I was getting some work done, but cheating a bit using a split screen so I could watch the landing of the Perseverance rover on Mars.
At first the coverage consisted of interviews and analysis, but as it got closer to the scheduled time of landing, you could hear the excitement and nerves in the voices of those providing updates. The words, "Perseverance is alive on the surface of Mars," were uttered and mission control erupted.
I remember when the call went out several years ago seeking people interested in the Mars One project, a private enterprise looking for individuals willing to leave everything behind to be among the first humans to step foot on that planet. Although it was denounced as a scam and scorned by many, nonetheless applicants numbering more than 200,000 indicated their interest.
They included doctors, pilots, veterinarians, and business people from places all around the world, ranging in age from 18 to 71, eager to pursue the one-way journey to Mars.
The project had long been rebuked by scientists and engineers, questioning if the whole thing had been a fraud from the start, or simply the dreams of people naïve to the immense challenge it would be. One of the finalists admitted that to keep making it to the next step of the process, he was required to buy merchandise or donate to the company.
The veracity of the whole project was put to the test when two researchers from MIT pointed out, flaw for flaw, the problems with Mars One in a debate with its founder. It came to an end in January 2019 when the company was declared bankrupt and forced to dissolve.
My interest in space travel starts and stops with riding Mission to Mars at Disneyland, and the much more spirited motion simulator at Disney World named Mission: Space. But documentaries and live coverage of space missions gets my attention, so I certainly couldn't miss out on the Perseverance landing.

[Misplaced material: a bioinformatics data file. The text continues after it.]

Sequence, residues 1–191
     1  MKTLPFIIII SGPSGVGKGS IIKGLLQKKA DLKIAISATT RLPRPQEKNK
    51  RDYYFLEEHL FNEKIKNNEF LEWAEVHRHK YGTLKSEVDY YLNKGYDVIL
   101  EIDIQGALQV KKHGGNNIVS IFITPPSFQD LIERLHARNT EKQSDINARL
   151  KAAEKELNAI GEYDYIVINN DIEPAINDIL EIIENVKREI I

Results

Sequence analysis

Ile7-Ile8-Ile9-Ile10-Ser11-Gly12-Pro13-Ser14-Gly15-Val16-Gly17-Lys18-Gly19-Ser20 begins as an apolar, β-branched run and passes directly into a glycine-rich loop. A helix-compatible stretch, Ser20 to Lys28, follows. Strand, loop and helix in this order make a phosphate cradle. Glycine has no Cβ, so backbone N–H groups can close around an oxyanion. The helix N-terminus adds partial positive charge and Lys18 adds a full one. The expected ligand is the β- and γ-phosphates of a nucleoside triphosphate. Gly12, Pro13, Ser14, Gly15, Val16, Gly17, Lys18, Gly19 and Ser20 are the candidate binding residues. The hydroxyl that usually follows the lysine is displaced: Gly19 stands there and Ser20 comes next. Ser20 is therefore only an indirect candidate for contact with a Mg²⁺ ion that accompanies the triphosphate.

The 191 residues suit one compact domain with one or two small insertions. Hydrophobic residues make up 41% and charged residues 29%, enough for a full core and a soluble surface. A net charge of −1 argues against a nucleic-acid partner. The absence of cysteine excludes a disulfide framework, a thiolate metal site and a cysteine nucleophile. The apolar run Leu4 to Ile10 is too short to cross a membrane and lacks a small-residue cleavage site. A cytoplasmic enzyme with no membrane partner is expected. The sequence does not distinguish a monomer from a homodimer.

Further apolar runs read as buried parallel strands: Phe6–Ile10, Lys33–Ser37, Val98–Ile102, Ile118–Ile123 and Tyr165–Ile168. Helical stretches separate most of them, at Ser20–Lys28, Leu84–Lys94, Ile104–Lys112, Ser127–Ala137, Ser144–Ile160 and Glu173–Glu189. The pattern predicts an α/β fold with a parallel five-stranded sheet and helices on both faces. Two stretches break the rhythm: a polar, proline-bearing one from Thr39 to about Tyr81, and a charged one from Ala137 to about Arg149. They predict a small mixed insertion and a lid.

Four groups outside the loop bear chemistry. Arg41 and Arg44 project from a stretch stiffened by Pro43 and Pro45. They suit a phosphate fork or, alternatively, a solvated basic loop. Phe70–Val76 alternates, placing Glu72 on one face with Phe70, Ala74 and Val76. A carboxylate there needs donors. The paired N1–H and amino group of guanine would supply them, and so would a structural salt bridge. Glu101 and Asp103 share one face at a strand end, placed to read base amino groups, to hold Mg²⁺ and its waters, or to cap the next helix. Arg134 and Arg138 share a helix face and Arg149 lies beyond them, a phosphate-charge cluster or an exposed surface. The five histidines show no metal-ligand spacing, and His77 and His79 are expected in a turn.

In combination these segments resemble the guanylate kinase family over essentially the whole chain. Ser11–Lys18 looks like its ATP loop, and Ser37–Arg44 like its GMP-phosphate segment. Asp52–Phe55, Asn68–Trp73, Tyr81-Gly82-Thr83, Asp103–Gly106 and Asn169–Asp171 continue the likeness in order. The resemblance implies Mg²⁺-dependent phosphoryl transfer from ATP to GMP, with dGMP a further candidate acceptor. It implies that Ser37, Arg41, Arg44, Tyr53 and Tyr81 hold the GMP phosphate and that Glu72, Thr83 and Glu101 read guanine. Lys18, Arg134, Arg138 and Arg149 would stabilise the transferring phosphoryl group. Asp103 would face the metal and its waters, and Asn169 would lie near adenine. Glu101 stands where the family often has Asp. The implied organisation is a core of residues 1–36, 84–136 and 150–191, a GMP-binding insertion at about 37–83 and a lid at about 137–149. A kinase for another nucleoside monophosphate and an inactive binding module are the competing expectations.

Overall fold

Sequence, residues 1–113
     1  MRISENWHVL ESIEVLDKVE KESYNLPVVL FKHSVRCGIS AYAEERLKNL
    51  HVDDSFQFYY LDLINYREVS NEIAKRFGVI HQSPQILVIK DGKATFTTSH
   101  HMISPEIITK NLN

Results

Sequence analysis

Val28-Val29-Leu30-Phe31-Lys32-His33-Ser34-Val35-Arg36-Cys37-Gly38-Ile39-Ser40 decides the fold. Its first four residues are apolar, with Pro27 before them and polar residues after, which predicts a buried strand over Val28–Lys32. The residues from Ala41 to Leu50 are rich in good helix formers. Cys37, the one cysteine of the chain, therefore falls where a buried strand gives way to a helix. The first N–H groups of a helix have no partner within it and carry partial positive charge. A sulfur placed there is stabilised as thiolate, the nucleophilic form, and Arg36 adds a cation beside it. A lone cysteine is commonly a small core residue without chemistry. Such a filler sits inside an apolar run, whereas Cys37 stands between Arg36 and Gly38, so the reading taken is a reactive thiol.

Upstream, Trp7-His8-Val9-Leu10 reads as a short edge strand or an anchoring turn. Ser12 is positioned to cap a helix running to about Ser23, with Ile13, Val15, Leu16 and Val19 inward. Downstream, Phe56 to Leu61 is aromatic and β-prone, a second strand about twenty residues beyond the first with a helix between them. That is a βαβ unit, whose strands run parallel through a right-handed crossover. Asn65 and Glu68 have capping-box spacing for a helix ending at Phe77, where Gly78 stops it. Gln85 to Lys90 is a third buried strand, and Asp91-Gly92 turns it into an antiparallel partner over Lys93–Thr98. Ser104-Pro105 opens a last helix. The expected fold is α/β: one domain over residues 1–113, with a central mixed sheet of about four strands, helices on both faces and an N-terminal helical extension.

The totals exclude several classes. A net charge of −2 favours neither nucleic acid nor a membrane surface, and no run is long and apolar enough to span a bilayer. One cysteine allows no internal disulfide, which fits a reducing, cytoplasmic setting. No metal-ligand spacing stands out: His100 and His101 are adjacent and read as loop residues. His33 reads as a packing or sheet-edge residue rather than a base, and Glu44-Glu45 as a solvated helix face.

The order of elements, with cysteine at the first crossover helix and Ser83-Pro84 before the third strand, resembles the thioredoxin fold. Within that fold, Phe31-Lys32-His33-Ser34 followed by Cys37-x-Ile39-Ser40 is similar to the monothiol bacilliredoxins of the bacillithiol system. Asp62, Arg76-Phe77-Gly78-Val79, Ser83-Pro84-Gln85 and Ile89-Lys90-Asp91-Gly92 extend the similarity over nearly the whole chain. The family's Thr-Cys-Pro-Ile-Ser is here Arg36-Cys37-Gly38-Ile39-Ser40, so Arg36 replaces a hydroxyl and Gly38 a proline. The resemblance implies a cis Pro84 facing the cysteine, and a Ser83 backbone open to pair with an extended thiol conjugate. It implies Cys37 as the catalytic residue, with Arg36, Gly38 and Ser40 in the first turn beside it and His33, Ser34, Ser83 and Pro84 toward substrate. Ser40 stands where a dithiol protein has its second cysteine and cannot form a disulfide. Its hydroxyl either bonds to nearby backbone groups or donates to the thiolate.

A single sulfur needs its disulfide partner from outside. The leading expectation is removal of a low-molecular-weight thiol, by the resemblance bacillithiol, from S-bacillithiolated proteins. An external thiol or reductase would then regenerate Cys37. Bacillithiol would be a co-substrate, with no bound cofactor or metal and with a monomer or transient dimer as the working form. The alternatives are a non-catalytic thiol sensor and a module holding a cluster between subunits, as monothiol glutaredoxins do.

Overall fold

NASA has been there before. Still is. Other nations, too. But this fifth NASA rover to land on Mars is described as the biggest and best, with one of the most complex robotic systems ever made. Just moments after the rover began sending pictures back, one of the team members was breathless in his excitement saying, "This is really amazing. This is a sign. When we put our heads together and our brains together, we can succeed. This is what NASA does. This is what we can do as a country on all other problems we have. We need to work together to do these kinds of things and make success happen."
Imagine if what he said was really possible, and that “this is what we can do…on all the other problems we have." All the other problems we have. Where could we start?
One in nine people face extreme food scarcity. The crisis in Yemen is alarming, yet is one in a long list where this is the reality.
We have an opioid crisis that is worsening every day. Western Canada continues to be the most impacted area of the country – a reality since 2016. Five regions observed record-breaking numbers of deaths in a three-month period in 2020.
An FBI report says hate crimes reached their highest point in a decade. Racism, bigotry and discrimination erode communities. Political divide threatens the unity of nations. Mental health supports aren’t able to meet the needs that exist.
Perhaps this is how it has always been, but couldn’t we…and shouldn’t we…strive for better?
We know what can be achieved when there is a collective will to make something happen. NASA says it took hundreds of people 10 years to make ready what was needed for Perseverance. If we were to harness these kinds of resources on “all the other problems we have” we could make life on this planet so much better for so many. And we don’t need to be rocket scientists. That’s my outlook.